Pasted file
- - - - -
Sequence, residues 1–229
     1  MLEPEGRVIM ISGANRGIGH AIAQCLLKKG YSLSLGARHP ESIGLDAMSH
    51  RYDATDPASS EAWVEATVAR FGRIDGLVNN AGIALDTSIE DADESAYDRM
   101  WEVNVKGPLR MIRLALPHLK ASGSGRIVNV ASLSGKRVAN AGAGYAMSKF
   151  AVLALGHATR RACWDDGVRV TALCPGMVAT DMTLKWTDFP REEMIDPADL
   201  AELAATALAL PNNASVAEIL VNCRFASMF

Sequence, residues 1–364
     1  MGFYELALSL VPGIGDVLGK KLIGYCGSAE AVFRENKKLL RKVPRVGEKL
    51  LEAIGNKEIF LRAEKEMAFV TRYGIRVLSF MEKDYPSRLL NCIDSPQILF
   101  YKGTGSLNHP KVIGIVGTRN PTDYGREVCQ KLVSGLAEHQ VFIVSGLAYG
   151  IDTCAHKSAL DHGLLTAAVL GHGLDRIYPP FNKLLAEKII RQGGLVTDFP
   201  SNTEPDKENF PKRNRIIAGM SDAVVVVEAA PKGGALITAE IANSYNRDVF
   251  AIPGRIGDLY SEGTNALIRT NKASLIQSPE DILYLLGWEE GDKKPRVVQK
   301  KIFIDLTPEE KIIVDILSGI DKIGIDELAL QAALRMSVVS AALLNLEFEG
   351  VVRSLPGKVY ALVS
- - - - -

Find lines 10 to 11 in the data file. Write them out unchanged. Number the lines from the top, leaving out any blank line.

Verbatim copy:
   101  YKGTGSLNHP KVIGIVGTRN PTDYGREVCQ KLVSGLAEHQ VFIVSGLAYG
   151  IDTCAHKSAL DHGLLTAAVL GHGLDRIYPP FNKLLAEKII RQGGLVTDFP